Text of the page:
System Parameter Permutation and its recent variant, System Parameter Randomization, called SPx, are methods of evaluating trading strategies that I mention in my paper “Limitations of Quantitative Claims About Trading Strategy Evaluation.” In this article I respond to comments I received from Dave Walton, the developer of these methods.
The link to a paper by Dave Walton can be found in the reference section of my paper.
In my paper, I state three potential problem areas for SPx
- The first problem with SPx is that it requires selecting ex-ante a range of system parameters and this can cause selection bias.
- The second problem with SPx is that if it is repeatedly used under multiple trials, then it loses its effectiveness due to data snooping.
- The third and more serious problem with SPx is that all tests are conditioned on historical data and the probability of a Type I error (false discovery) is high.
Dave Walton (DW) made the following comments regarding 1 – 3 above in an email to me. I include part of his email here with his permission:
1. DW: While this is true, selection bias would only be an issue if repeated SPx runs were done and then the “optimal” range was chosen. If one follows Braga’s advice, as you state, this would not be done. Stochastic modeling is just a tool and can be misused just like any tool can.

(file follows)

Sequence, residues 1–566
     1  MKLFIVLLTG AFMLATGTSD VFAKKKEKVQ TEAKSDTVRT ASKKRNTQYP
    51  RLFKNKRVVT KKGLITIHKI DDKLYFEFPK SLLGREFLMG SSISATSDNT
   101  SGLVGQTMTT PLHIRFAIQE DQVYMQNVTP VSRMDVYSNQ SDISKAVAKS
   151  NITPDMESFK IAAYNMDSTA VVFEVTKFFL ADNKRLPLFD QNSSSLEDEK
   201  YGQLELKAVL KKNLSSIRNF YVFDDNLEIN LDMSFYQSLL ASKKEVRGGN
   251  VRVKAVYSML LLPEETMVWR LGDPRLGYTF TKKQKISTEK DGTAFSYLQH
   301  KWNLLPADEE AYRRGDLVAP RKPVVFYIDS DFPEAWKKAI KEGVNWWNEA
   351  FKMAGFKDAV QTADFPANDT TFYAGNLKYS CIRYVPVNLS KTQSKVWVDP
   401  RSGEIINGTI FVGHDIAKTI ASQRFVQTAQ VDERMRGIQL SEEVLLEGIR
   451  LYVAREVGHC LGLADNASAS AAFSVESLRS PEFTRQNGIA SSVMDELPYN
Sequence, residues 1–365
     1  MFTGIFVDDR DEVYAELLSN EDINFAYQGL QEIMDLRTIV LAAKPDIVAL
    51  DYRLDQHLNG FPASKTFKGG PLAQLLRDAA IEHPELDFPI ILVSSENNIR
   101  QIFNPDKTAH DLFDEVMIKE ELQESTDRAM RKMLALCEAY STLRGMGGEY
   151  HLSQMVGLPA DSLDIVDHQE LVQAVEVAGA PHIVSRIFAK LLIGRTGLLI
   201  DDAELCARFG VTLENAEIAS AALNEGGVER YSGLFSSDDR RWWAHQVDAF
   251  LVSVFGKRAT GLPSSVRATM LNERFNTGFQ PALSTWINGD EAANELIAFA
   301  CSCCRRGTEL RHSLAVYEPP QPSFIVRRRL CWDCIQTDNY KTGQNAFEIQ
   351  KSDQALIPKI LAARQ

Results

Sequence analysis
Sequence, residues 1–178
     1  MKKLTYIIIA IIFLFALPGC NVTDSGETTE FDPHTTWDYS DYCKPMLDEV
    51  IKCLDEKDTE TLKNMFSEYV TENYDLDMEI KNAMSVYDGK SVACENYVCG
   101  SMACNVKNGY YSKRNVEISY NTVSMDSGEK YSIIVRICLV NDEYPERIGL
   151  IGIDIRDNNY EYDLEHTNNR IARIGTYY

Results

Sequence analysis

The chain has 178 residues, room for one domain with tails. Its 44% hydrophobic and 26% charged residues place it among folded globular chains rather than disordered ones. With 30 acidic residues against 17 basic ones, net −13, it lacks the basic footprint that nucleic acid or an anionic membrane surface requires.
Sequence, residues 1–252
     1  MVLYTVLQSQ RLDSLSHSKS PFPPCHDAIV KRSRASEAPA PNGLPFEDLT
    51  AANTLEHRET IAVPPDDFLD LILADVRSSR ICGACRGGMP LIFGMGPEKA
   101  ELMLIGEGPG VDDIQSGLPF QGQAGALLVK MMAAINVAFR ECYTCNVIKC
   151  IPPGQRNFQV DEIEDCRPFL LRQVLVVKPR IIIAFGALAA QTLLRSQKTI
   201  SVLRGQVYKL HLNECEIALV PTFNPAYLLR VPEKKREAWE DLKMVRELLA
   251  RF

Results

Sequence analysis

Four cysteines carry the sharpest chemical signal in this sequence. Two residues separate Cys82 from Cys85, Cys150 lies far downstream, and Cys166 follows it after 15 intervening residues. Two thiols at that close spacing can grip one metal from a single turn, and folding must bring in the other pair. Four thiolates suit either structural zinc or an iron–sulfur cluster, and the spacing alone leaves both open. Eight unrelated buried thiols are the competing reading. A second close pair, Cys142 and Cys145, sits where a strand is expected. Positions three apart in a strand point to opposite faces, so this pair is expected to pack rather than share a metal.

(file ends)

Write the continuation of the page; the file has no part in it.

I agree about the last part. My point is that while repeated trials will introduce selection bias if parameters are chosen, upfront selection of parameters is also a source of bias, especially when it is made with knowledge of the performance of other systems and what parameters have worked in the past. One problem here is that a tight range of parameters may exclude performance spoilers, i.e., strategies with highly undesirable performance, and a wide range may include a large number of them. There is no way of knowing the best range of parameters to use and any specific selection may ignore other selections that might not have worked well or include only models with good performance, something that causes bias. Needless to say that a restart of the process after a failure to identify a suitable parameter range will introduce data-snooping bias and it is also a fact that some users will be tempted to do that more than once.